Home > techcrunch > Spotify Becomes Latest High Profile Inadvertent Malware Distributor

Spotify Becomes Latest High Profile Inadvertent Malware Distributor

March 30th, 2011 03:08 admin Leave a comment Go to comments

Yet another example of why even the savviest of Internet users need to keep their anti-malware software current and fully working. Spotify, the popular European streaming service, discovered that it was inadvertently serving ads that were laced with malware.

The ads were served to the Spotify Windows desktop application by a third-party server. The company quickly pulled all third-party-hosted ads—cutting the head off the monster, if you will.

Spotify also says that users with anti-malware software weren’t affected since the software worked. Of course, people with premium Spotify accounts didn’t see the infected ads.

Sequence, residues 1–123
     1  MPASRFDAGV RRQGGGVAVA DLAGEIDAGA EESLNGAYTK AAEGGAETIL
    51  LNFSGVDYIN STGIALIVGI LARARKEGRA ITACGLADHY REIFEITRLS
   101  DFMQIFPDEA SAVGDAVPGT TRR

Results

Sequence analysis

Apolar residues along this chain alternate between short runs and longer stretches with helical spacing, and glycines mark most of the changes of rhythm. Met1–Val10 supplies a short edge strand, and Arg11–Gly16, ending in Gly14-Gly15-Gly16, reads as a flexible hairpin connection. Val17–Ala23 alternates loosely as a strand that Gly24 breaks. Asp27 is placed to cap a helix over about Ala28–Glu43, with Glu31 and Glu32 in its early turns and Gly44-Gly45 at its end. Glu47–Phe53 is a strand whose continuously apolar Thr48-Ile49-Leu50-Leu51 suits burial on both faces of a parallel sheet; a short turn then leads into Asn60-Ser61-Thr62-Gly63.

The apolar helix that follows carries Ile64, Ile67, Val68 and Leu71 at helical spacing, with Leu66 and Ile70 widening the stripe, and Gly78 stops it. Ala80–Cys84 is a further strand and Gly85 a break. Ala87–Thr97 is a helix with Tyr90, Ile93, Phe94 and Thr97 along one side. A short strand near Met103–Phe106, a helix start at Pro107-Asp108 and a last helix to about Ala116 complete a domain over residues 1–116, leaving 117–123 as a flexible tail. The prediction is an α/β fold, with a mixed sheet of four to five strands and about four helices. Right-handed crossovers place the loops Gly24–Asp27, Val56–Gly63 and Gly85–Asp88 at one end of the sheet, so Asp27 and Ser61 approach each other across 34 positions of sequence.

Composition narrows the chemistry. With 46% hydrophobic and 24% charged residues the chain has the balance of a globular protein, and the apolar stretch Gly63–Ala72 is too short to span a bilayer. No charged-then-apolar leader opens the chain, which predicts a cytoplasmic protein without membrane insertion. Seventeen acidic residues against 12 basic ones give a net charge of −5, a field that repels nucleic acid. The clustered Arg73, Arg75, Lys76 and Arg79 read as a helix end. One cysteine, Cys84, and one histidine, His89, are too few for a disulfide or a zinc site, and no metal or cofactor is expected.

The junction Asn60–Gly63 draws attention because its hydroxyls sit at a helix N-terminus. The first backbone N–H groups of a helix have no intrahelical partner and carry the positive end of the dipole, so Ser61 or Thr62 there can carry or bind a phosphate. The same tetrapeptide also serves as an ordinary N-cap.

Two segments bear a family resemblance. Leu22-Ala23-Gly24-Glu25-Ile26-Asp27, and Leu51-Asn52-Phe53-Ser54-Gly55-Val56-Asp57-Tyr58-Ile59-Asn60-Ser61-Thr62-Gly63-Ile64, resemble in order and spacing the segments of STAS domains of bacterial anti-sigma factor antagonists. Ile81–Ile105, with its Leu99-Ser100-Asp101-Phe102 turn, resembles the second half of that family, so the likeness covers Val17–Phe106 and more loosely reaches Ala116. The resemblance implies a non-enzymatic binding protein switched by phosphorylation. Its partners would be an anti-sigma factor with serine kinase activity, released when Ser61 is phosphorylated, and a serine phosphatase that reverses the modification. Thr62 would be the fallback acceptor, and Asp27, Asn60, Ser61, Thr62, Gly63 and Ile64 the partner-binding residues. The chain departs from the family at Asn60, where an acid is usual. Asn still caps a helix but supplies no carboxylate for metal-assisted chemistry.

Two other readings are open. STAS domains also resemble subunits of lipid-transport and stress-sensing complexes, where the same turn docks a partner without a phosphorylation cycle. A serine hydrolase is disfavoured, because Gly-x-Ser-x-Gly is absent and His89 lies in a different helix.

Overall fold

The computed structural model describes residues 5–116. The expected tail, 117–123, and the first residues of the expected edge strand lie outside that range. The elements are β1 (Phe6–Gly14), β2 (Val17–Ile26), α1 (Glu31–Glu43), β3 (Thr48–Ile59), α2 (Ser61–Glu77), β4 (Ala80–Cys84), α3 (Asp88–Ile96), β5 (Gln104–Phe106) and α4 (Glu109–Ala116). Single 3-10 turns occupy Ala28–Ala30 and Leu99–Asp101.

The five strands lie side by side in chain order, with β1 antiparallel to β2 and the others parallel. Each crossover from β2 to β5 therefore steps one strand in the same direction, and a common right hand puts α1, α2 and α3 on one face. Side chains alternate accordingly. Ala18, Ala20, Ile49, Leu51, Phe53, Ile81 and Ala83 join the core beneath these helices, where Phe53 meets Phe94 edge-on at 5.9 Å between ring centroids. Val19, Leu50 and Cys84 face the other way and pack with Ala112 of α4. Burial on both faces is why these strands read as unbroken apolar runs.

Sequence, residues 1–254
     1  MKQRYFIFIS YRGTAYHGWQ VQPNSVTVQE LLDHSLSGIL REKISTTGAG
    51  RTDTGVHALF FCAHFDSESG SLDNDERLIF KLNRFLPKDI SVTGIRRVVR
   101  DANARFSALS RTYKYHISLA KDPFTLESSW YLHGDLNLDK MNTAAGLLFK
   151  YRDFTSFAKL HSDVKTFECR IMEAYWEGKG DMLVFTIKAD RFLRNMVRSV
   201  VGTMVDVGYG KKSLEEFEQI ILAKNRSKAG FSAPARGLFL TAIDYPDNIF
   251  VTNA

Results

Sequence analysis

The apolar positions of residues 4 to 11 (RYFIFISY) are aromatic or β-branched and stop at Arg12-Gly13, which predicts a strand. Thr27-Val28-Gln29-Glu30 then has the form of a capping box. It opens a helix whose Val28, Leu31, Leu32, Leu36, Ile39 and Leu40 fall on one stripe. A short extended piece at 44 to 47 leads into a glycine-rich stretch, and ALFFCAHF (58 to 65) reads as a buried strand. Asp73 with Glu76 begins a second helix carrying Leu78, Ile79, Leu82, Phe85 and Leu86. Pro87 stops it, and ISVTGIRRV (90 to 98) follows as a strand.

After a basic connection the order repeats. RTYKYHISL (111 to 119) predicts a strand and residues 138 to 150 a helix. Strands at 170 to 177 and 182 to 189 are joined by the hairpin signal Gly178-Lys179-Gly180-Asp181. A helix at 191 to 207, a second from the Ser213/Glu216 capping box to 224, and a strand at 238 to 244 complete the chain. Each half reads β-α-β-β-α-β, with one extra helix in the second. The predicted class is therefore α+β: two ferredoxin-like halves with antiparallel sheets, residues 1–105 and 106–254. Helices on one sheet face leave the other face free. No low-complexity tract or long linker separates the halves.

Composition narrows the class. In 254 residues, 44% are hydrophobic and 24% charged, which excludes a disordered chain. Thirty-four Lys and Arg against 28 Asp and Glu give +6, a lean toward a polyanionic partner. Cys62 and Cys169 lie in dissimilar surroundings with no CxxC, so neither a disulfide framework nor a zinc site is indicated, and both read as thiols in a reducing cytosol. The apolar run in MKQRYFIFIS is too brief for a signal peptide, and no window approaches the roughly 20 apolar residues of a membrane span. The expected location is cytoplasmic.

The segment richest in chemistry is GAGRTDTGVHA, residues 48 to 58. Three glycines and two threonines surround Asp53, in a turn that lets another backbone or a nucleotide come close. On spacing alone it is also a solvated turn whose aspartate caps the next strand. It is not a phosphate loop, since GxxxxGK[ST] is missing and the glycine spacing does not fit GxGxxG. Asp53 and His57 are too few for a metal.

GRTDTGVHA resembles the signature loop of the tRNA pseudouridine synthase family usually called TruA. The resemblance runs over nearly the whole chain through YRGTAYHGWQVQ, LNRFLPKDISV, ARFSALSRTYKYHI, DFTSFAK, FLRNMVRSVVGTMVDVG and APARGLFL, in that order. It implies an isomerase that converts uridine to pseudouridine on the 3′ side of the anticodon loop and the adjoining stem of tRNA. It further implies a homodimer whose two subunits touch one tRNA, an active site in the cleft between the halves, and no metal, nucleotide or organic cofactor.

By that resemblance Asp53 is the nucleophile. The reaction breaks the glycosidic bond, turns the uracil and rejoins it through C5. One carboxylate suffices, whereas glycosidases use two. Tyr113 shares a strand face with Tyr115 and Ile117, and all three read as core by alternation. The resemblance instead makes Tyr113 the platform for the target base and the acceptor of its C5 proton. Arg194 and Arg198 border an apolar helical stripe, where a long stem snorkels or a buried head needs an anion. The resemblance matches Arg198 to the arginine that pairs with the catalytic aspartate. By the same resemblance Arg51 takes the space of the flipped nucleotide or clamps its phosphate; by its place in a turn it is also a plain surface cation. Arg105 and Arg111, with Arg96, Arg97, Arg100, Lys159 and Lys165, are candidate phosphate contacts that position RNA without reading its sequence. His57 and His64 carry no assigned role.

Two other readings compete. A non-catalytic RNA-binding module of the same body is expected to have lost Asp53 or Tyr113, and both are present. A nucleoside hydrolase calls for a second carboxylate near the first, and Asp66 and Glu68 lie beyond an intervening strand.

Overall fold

Websense first discovered the attack on March 24, and it makes use of the fairly common Blackhole Exploit Kit.

This is hardly the first time a big company has been caught inadvertently serving malware’d ads. The Drudge Report was caught serving bad ads last year, and ESPN similarly found itself serving malware. I seem to recall this very site having an issue with third-party ad servers, too.

For the hundredth time: keep that software up-to-date.

Failing that, use Lynx. The Web probably looks better that way, too!

Source: Spotify Becomes Latest High Profile Inadvertent Malware Distributor

Related Articles:

  1. Spotify Turns Off Third-Party Display Ads Following Malware Attacks
  2. Inside Google’s Anti-Malware Operation
  3. Spotify CEO Daniel Ek Shows Off Hack That Allows Him to Control Spotify App Using Siri
  4. Spotify’s £16.66m Loss In 2009 – A Rumoured U.S. Launch Is Now Imperative
  5. Spotify Ties Up With Logitech
blog comments powered by Disqus